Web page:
(Vocus) February 2, 2009
The executive director of the Barnett Shale Energy Education Council explains how natural gas can ultimately improve air quality -- if it is used more to fuel vehicles and generate electricity instead of dirtier fuels like diesel and coal.
The economic benefits of natural gas production in the Barnett Shale are now obvious to North Texans - tens of thousands of new jobs, along with signing bonuses and monthly royalty checks to thousands of property owners who've leased their mineral rights. But another plus of natural gas production has yet to be appreciated, according to the Barnett Shale Energy Education Council's executive director, Ed Ireland, Ph.D.
As the cleanest-burning hydrocarbon, natural gas can help improve air quality by reducing carbon emissions into the atmosphere - if it is used more for both electrical generation and transportation.
This fact is extremely important because it is clear that environmental issues are going to be the driving force behind oil and gas regulation for the foreseeable future. As an opening salvo, two environmental groups, the San Juan Citizens Alliance of Colorado and WildEarth Guardians of New Mexico, filed a lawsuit in federal court against the Environmental Protection Agency recently, citing the EPA's 'failure to protect communities and the climate from air pollution emitted nationwide by oil and gas drilling.'
According to the lawsuit, under the Clean Air Act the EPA is required to review and update clean air regulations every eight years. The suit alleges that the EPA has failed to update two sets of clean air regulations originally issued in 1985 and 1999, and has failed altogether to issue a required third set of regulations. 'The result is a number of oil and gas operations and pollutants spewed by those operations are not limited in any way,' the lawsuit states.
Whatever the outcome of this and future lawsuits, stricter regulations will result in increasing the cost of natural gas production, which ultimately will reduce production, especially in 'unconventional' plays such as the Barnett Shale where production costs are higher. Unfortunately, this result is at cross-purposes with the goal of reducing carbon emissions and improving air quality, because natural gas is the cleanest burning hydrocarbon.
A few 'factoids' about clean burning natural gas. It is mostly methane, which has only one carbon atom with four hydrogen atoms. This compares to gasoline which has eight carbon atoms and 18 hydrogen atoms and diesel which as 14 carbon atoms and 30 hydrogen atoms. As a result, burning natural gas produces less NOx, soot and greenhouse gases than other petroleum fuels.
There is widespread support for moving the economy into a new era based on renewable and clean sources of energy. But the reality is that we will be using hydrocarbons for decades to come while these new technologies and infrastructure are being developed. Therefore it only makes sense to promote natural gas as a bridge fuel to achieve these environmental goals.
One of the key ways natural gas improves air quality is when it is used to produce electricity instead of coal. Clean coal technology offers the potential for cleaner electrical generation but is not a fully developed technology. Natural gas-fired electrical plants have been used for decades and are the cleanest source of power for electrical generation next to nuclear.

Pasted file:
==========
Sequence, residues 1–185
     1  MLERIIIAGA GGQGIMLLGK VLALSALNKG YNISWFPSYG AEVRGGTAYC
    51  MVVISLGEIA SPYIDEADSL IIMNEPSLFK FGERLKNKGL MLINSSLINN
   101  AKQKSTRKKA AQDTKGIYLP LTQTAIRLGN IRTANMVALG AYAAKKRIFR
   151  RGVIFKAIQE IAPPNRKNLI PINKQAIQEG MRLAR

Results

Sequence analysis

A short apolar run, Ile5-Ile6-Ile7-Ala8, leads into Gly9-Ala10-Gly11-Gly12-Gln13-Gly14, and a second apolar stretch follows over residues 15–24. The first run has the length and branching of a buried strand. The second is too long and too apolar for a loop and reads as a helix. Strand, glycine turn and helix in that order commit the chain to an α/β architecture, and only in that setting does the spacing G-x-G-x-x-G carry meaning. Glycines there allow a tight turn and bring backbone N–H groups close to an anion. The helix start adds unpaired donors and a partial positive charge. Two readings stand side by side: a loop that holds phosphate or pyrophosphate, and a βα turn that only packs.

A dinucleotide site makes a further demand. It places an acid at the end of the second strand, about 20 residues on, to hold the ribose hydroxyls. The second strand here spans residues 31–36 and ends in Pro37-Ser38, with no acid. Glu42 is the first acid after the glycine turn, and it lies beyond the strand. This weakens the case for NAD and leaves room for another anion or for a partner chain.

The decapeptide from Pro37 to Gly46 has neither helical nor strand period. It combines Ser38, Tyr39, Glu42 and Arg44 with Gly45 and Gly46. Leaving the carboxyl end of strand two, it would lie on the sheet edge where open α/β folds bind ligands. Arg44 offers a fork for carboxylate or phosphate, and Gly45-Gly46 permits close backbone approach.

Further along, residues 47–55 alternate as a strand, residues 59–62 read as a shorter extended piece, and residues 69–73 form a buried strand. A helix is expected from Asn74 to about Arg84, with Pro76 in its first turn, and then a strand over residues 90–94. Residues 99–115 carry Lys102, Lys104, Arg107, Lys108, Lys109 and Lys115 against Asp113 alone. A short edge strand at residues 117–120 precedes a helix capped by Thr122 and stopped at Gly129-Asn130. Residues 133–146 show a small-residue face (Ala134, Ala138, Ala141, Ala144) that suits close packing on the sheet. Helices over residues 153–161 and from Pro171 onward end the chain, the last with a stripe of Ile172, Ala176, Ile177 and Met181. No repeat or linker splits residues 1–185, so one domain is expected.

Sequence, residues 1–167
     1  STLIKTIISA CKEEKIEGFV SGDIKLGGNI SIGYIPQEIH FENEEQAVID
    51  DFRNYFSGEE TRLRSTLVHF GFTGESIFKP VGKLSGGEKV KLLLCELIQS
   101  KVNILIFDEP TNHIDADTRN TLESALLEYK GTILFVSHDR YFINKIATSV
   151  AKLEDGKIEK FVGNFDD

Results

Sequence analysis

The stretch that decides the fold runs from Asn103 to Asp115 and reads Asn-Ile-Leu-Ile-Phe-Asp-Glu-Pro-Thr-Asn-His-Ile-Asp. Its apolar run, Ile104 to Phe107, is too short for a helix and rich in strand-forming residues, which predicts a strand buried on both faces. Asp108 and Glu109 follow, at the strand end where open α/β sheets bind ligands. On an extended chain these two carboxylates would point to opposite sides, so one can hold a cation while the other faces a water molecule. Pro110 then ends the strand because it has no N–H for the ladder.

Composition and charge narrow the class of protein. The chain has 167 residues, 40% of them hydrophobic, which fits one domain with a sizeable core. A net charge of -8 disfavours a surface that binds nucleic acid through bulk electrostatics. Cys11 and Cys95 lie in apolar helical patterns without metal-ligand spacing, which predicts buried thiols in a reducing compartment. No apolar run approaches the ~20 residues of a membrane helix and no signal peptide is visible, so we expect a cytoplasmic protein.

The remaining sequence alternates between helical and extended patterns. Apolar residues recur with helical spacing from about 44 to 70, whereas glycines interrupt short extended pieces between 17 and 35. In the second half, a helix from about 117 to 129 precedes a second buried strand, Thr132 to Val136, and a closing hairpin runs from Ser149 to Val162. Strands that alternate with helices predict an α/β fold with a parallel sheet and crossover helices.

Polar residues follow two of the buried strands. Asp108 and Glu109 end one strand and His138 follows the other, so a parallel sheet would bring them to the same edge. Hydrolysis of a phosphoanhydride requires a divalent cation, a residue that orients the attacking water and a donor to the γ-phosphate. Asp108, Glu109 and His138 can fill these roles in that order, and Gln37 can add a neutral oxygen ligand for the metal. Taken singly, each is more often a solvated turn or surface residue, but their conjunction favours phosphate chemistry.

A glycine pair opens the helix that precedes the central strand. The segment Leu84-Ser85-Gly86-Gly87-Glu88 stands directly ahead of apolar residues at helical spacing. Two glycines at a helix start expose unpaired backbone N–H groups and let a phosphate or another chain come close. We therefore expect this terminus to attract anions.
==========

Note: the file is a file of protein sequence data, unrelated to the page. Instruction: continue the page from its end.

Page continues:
There are many other avenues for using natural gas to improve air quality fairly quickly that are finally getting more attention, such as switching fleet cars and trucks to natural gas. Natural gas is very well suited for use by city buses, garbage trucks, and delivery trucks. Such vehicles run fixed routes and return every evening to storage areas where natural gas fueling stations can be installed.
Natural gas vehicles (NGVs) are proven and reliable. Over eight million NGVs are in use worldwide and the number is rapidly increasing. About 110,000 NGVs operate on U.S. roads, including 11,000 transit buses, 2,000 refuse trucks, 3,000 school buses and 12-14,000 vehicles in shuttle and a wide variety of truck applications.
NGVs are also very quiet and therefore reduce noise pollution -- in fact the decibel level of NGVs is 80-90% less than their diesel counterparts. If you have ever been behind a Fort Worth city bus, you wonder if it is even running. Finally, life-cycle costs are lower for NGVs than for gasoline and diesel vehicles. Not only does fuel cost less, but maintenance costs are also lower compared to gasoline and diesel vehicles.
The bottom line is that natural gas from the Barnett Shale and other natural gas fields in the U.S. should be a key element of our environmental policies, especially at a time when we need to keep our economies healthy close to home.
Ed Ireland is executive director of the Barnett Shale Energy Education Council (http://www.bseec.org), a community resource that provides information to the public about gas drilling and production in the Barnett Shale region. Its intention is to provide fact-based information about urban drilling from sources such as industry, government, organizations and institutions of higher education. The Council is a consortium of 11 of the leading energy companies operating in the Barnett Shale.
Email: Margaret (at) balcomagency.com